Animals

3 bears released back into wild after shelter, care at Scottsdale sanctuary

Southwest Wildlife Conservation Center cares for orphaned bears

Posted 6/30/22

With joint efforts between Scottsdale-based Southwest Wildlife Conservation Center, and Arizona Game and Fish Department, three of five baby bears have been rehabilitated and released into the wild. …

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Animals

3 bears released back into wild after shelter, care at Scottsdale sanctuary

Southwest Wildlife Conservation Center cares for orphaned bears

Posted

With joint efforts between Scottsdale-based Southwest Wildlife Conservation Center, and Arizona Game and Fish Department, three of five baby bears have been rehabilitated and released into the wild.

Two of the bears were found and retrieved after their mother was fatally injured in a vehicular accident, they were taken in early last year. The third was found by Arizona Game and Fish and taken to Southwest Wildlife after the search for the mother was unsuccessful.

After receiving months of care, the three male black bears showed proficient forging skills, natural behavior, and were ready to be released, according to a press release. They were given a final health assessment and identification ear tags. Southwest Wildlife and Arizona Game and Fish made sure that the bears were taken to a suitable habitat where they can continue to live a fulfilled life in the wild.

There are two remaining younger cubs still in rehab at Southwest Wildlife and are being prepared to be released back into the wild soon with new tracking technology that collects data on the bears’ lives and habitat.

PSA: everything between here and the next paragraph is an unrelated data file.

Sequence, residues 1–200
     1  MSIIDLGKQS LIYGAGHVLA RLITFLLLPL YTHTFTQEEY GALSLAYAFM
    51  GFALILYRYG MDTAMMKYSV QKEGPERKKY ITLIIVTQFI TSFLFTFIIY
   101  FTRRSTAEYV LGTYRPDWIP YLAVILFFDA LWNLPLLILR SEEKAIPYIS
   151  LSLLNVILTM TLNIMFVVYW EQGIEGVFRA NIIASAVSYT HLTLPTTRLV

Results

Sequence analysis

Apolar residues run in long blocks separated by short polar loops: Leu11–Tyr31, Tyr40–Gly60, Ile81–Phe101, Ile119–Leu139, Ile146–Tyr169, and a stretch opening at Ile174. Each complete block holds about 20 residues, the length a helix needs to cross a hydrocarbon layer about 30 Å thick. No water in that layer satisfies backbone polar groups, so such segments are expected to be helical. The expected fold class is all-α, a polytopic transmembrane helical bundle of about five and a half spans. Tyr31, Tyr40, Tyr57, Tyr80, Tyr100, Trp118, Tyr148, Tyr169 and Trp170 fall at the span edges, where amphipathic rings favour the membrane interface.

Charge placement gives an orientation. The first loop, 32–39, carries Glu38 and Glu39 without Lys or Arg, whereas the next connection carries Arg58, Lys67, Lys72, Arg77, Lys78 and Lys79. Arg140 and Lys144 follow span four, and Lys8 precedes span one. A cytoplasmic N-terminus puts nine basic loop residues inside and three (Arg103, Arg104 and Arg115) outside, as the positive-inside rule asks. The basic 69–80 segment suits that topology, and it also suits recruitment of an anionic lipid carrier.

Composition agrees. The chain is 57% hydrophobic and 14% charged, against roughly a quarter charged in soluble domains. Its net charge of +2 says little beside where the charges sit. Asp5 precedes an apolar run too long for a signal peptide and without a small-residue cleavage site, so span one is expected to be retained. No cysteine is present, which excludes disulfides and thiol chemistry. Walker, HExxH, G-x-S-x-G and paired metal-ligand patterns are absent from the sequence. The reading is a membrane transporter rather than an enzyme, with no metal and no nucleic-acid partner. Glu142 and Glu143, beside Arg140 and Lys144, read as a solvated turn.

The rehabilitation of five young bears is not an easy task, with each bear eating $30 of food a day and receiving medical attention, the press release stated. Southwest Wildlife depended on donations, volunteers, and the community to prepare these bears for the wild. The team fed, cared for, and housed the bears for their temporary stay.

“The task of rehabilitating five baby bears was not easy, but we are so grateful for all the volunteers and donations that allowed us to raise these bears and prepare them for the wild. It is so rewarding to see their successful release knowing that Southwest Wildlife was able to impact these juvenile bears,” said Kim Carr, animal care manager. “The black bear population is managed by the Arizona Game and Fish Department, as they are a large mammal. We are so proud of this inter-departmental effort to save them, raise them, and release them.”

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